[dropcap]Jennifer[/dropcap] Pan recently made headlines once again because of her shocking crime. Having been forced into a guarded, restraining lifestyle of high academic standards by her parents, Pan became so resentful that she hired hit men to kill them.
Stories of the impossible expectations Pan lived with have rung true to with many Asian-Canadian students. In fact, the apparently Asian style of ‘tiger parenting’ — which is characterized by strict rules, an emphasis on children’s obedience, and high academic expectations — has been routinely identified as the source of Pan’s stress and anxiety. Although ‘tiger parenting’ can lead to better grades, research has shown it also contributes to poor mental health, and Pan herself told the Globe and Mail that she had attempted suicide.
So, while extreme, Pan’s situation should not be treated as a mere symptom of ‘bad’ parenting; rather, we should consider how the problem manifested due to mental health issues and the lack of support surrounding those problems. While Ontario high schools have counsellors, there’s only so much they can do, because they tend to be busy teachers as well. Mental health services should be accessible province-wide for people of all ages, but OHIP actually doesn’t cover psychological services. In fact, most other health insurance plans don’t provide enough for even monthly psychological treatment.
Most importantly for us, U of T claims to offer free mental health support, but these services are often downright inaccessible and rife with prejudice. For instance, in 2014, U of T student James Rodriguez became depressed and attempted suicide. After being hospitalized, Rodriguez found out that he wasn’t welcome back at his residence, and could only return in the winter with psychiatric approval. Instead of being offered crisis housing, Rodriguez had to jump through dozens of hoops himself to try and get help, and still remained without sufficient support.
I can relate. It was debilitating to have to juggle the emotional and physical symptoms of anxiety while trying to get adjusted to first year. I spoke with a counsellor to be evaluated, then with another counsellor who left in May, which meant having to find a new counsellor. Having to relive my problems over and over with stranger after stranger was scary and incredibly draining.
I then went to Health Services to get a routine evaluation from a medical doctor. After I divulged the details of my anxiety yet again, the doctor told me to get a blood test at a lab that is affiliated with U of T. I called the lab upwards of ten times and no one ever answered the phone — I couldn’t even leave a voicemail.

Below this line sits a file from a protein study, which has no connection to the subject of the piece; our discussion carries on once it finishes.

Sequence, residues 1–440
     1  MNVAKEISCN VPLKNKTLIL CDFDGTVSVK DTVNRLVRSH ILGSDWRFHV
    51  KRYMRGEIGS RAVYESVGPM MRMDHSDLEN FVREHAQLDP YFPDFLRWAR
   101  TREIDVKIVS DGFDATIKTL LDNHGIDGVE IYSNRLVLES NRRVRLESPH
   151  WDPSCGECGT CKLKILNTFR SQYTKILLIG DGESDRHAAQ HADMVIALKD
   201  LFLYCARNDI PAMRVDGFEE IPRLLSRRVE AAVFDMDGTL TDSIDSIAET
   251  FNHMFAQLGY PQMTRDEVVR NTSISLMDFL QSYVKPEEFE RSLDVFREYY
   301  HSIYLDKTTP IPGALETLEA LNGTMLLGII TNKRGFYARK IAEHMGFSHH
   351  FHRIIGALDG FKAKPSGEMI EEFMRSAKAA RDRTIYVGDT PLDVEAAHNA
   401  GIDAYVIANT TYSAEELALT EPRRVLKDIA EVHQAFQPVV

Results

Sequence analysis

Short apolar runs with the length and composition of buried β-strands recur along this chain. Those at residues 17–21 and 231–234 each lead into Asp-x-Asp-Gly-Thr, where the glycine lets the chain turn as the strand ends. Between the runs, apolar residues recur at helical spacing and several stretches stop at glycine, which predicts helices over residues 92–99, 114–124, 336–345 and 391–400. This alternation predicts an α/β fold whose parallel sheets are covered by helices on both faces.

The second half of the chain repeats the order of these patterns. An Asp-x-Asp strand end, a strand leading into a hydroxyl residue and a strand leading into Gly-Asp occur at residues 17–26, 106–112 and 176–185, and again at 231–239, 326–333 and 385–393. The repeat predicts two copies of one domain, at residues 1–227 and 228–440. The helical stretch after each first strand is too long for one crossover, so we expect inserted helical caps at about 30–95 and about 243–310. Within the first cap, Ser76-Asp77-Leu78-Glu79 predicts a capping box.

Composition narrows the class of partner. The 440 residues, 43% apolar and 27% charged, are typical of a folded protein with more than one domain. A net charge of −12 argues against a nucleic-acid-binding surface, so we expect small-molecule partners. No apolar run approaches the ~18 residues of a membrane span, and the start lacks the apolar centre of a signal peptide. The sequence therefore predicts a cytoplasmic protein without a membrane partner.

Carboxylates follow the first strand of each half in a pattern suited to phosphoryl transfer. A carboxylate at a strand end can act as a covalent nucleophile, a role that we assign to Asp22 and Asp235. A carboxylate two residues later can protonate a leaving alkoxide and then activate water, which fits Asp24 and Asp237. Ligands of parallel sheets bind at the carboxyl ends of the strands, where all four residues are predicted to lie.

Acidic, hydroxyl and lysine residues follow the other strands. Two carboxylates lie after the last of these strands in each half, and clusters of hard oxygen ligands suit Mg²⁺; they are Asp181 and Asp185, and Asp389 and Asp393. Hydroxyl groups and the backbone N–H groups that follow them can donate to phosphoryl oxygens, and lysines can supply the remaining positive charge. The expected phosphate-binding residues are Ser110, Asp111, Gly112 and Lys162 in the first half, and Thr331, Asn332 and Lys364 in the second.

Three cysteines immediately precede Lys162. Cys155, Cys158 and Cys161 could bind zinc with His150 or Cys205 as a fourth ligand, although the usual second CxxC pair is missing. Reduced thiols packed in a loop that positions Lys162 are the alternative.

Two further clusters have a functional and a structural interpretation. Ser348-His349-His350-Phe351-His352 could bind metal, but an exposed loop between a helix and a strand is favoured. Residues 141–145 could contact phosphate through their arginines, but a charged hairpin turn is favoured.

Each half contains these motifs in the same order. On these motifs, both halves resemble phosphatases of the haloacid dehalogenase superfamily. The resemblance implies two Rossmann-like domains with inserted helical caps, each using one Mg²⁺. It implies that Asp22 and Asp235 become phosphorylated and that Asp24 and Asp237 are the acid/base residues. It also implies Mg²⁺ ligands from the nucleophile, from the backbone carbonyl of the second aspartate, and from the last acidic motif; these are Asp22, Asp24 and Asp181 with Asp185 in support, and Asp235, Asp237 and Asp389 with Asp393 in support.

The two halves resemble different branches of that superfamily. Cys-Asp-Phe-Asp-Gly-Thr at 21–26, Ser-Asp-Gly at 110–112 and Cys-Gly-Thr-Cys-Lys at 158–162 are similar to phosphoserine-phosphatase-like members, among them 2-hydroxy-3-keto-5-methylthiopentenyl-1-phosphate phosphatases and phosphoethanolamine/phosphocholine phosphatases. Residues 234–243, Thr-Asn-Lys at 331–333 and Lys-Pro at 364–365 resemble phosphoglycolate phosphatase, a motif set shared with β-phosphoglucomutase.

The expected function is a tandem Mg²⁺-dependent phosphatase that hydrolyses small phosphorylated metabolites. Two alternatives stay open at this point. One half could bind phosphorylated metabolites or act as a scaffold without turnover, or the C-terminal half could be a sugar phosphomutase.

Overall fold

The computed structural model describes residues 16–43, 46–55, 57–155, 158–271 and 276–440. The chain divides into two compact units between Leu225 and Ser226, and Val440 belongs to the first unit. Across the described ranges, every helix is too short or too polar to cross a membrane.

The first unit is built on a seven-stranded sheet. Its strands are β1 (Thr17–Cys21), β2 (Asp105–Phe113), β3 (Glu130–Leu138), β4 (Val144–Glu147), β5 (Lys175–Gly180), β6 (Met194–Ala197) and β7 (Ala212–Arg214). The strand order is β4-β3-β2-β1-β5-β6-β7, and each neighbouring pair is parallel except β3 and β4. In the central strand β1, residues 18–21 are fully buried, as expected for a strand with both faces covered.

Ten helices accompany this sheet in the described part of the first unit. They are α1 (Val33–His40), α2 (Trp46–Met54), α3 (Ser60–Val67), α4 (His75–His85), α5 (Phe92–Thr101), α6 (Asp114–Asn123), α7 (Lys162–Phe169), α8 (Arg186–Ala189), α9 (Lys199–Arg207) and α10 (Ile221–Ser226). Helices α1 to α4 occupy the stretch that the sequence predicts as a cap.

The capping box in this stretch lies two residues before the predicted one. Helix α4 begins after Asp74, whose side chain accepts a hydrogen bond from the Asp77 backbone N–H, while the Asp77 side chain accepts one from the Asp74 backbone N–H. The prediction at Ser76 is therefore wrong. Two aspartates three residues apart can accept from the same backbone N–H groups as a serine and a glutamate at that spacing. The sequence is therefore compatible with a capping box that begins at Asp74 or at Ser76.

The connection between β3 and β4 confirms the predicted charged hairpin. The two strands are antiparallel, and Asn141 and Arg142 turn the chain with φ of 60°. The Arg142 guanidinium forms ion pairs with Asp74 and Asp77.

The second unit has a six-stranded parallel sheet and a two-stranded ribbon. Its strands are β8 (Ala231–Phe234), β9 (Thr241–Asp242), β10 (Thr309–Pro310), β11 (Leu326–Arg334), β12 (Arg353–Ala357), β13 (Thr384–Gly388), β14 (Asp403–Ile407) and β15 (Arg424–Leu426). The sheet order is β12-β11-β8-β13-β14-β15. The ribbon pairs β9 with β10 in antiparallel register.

Eventually, I gave up. In a similar vein, James Rodriguez told Vice that he didn’t want to be at U of T anymore because of how unnecessarily complicated the psychiatry services are; he said he felt “disposable.”
Clearly, our society and institutions should be more considerate and pro-active towards mental health issues. While U of T created a mental health committee in late 2013, it is unclear what tangible or practical reforms have been instituted. Criticisms surface frequently, such as the questions surrounding U of T’s mental health protocols after regular business hours, and the fact that students are often referred to OISE student counsellors instead of professional therapists, who are able to more effectively handle serious cases of mental turmoil.
We also can’t just blame institutions for the way that mental health is handled on campus — Erin Hodgson, a former U of T student, was voted out of residence a few years ago by her own peers after she attempted suicide. This type of social exclusion and isolation is unacceptable.
Consequently, we need to recognize the negative way we talk about mental illnesses, and we need to stop creating outcasts. Pan’s story should not be written off as simply a symptom of overbearing Asian parents — this generalization is not only racist and callous, but also makes an exception of the link between academic pressures and poor mental health services in the province. For meaningful change to occur, we must all take responsibility for shifting the culture around mental health from toxicity to support and understanding.
Shailee Koranne is a second-year student at Victoria College majoring in equity studies.